The early morning scene at Boulder’s Beach hums with activity as the African penguins rouse for the day. On the domestic front, the nesting sites are vigorously dug over, sand flying out the deeper holes. Often there is a squabble or two with loud protestation – these little creatures relative to their size have voice projection in volumes. Down at the waters edge groups preen and stretch preparing to go out to sea leaving the chicks huddled together in the creche area. The adults have a straight backed posture and though they waddle, it is with intent. Down to the sea they go – just for some though, there’s the odd dalliance –
Two separate encounters with different baboon troops this week left me wryly thinking about the strange anomaly in their conservation management. They are a protected species here on the Peninsula but the job of conserving the troops falls under the management of different authorities. There’s a certain irony even trying to curtail the movement of wild, agile creatures yet the troops living between the suburbs are assigned rangers to move them along and keep them out of the residential areas. Broadly defined as “res nullius” – a thing belonging to no one whether because never appropriated (as a wild animal) – allows certain wildlife authorities to conveniently pass the buck. The main responsibility of the rangers is to prevent them from developing raiding patterns for seeking out human-derived food.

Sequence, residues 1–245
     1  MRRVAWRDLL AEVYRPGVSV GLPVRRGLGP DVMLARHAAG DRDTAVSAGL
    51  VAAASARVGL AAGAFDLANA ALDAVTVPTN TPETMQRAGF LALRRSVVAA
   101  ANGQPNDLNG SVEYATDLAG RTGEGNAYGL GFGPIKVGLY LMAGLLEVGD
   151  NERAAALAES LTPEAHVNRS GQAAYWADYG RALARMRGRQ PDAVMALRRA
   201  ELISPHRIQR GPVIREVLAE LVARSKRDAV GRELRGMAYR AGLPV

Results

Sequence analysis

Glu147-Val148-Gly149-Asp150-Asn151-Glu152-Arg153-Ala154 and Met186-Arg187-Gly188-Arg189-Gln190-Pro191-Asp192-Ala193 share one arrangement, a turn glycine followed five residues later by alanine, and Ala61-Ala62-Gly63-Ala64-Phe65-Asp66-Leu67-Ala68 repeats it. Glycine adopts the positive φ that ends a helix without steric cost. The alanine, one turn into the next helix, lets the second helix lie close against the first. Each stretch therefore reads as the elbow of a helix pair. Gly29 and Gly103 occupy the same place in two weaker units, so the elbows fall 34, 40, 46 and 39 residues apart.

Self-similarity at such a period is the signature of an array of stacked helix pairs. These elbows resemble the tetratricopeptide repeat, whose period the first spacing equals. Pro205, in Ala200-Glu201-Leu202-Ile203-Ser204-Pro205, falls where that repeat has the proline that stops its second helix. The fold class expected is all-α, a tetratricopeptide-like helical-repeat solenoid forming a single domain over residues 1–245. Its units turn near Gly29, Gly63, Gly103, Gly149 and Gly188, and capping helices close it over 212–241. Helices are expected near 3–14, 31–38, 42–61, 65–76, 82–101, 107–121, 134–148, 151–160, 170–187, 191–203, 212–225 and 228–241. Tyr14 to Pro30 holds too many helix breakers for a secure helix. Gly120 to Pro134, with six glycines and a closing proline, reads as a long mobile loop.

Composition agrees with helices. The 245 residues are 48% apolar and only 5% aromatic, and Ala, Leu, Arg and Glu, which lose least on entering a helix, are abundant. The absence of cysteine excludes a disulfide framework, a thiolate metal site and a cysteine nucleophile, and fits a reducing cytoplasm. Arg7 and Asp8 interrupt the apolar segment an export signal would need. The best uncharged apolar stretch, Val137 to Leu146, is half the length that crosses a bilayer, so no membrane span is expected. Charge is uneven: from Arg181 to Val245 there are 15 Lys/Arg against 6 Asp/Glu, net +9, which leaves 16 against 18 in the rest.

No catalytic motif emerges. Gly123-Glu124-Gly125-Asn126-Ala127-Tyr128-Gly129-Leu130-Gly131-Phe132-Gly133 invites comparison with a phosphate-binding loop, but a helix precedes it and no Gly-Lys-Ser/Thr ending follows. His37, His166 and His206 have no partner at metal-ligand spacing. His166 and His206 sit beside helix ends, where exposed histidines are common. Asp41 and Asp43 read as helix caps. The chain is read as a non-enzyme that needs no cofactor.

Pictured below are scenes of the Smitswinkel troop (which roam on the outside beyond the boundaries of the Cape of Good Hope Nature Reserve) visiting the Reserve and raiding the facilities at the entrance, while the City’s contracted conservation rangers aren’t allowed in to chase them out!!
Deeper into the CoGH park, here’s the scene where a local park troop rouses and warms in the rays of the early morning sun before setting off for the day’s foraging in the fynbos where for the most part, they roam freely without being tagged or monitored by full time rangers.
Some years ago this young baboon came on a ‘recce’ round our neighbourhood. It’s not an easy life when that testosterone kicks in and the males leave the natal troop to hook up with another. Dispersing along the urban edge brings a raft of problems not least finding the way through the suburbs. To assist them they are often darted with a sedative and transferred by vehicle to another area where there are nearby troops. The transition and being accepted into another troop takes time, and it’s not always successful.
Don’t know if you’re like me and always root for the underdog? With the nesting season in full swing, the birds around the garden have adapted to wary vigilance – there are raptors about, and smaller more common birds of the prey, the fiscal shrike. They too have chicks in the nest and we watch as they stake out an area and then swoop down to catch their prey. Commonly known as ‘butcher birds’ for their custom of spiking their live prey onto sharp thorns or barbed wire.
We regularly sight the little four-striped field mice and i’ve been lucky to grab photo opportunities when they’re out sunning themselves or at times raiding our kitchen. There’s no harm done (other than the loss of cotton tassels from the carpet runners used for nesting material) as we shoo them out sometimes with an added bit of encouragement with the use of a broom.